BEIJING - China's education authorities warned Wednesday that they will enforce contracts to ensure teaching college graduates work in rural schools in exchange for free tuition.
The first batch of state-funded normal college students are due to graduate next year and the Ministry of Education is expecting provincial authorities to employ them.
Song Yonggang, vice director of the ministry's Department of Teacher Education, told a press conference that provincial governments must see to it that such students are employed, quoting a government circular.
"If a province fails to do so, the ministry will cut its quota of college enrollment by the ministry affiliated normal universities," said Song.
The scheme to train normal school students for free began in 2007. The students sign contracts with universities that after graduation they will teach at primary and secondary schools in their home-towns.
According to circular, the students must serve two years in rural schools before they can be recruited by urban schools. The circular said they should be paid the same as urban school teachers.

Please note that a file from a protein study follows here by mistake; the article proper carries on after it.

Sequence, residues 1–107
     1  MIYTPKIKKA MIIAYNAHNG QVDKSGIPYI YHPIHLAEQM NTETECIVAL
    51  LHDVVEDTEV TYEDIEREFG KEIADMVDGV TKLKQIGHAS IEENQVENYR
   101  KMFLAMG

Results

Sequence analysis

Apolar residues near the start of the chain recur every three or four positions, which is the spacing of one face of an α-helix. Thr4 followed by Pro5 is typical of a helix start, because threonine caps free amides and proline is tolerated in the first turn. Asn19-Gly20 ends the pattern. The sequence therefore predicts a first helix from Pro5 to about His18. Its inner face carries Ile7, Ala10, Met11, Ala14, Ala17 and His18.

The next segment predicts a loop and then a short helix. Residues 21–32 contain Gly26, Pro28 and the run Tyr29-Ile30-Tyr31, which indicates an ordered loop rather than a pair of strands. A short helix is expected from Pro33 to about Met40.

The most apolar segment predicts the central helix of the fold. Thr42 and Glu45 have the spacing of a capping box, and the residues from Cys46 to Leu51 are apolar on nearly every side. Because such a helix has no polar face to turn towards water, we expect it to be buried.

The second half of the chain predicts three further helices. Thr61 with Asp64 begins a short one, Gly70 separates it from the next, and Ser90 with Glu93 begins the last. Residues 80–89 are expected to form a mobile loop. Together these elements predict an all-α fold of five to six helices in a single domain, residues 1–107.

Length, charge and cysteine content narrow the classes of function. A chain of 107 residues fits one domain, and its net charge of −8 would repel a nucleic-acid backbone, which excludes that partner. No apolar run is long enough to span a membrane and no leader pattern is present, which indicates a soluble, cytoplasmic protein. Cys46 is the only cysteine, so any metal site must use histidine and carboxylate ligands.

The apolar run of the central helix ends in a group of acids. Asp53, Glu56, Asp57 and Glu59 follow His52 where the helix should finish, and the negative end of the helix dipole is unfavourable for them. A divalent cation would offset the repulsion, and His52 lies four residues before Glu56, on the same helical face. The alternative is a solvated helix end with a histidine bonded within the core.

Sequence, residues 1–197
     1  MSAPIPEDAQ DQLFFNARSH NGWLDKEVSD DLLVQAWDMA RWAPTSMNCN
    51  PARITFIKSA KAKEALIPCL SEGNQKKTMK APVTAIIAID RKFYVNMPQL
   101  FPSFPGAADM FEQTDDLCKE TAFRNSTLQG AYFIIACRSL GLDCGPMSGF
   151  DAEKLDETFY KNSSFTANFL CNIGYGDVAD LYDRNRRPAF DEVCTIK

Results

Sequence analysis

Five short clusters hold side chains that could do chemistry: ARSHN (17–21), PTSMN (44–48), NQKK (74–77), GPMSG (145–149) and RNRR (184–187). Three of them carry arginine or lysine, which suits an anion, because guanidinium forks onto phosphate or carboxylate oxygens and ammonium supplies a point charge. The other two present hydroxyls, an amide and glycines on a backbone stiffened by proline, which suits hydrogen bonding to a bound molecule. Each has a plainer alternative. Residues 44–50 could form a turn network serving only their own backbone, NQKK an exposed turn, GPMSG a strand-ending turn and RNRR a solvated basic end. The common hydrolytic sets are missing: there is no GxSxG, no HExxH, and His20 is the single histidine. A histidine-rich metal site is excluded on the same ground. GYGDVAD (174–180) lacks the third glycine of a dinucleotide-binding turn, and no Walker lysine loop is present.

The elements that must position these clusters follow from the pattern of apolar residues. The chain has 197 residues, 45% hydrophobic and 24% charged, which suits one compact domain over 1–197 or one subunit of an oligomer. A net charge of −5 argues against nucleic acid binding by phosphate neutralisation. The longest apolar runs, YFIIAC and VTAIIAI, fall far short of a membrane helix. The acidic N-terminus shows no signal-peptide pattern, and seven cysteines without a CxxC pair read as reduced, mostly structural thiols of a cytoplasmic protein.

Song said the ministry would supervise the fulfillment of contracts. Defaulters would have to repay tuition fees and a fine.
The ministry also asked provincial education authorities to establish integrity files for each student, and disclose the default records.
China has enrolled 34,000 tuition-free normal school students in past three years, 90 percent of them from underdeveloped central and western China, according to the ministry.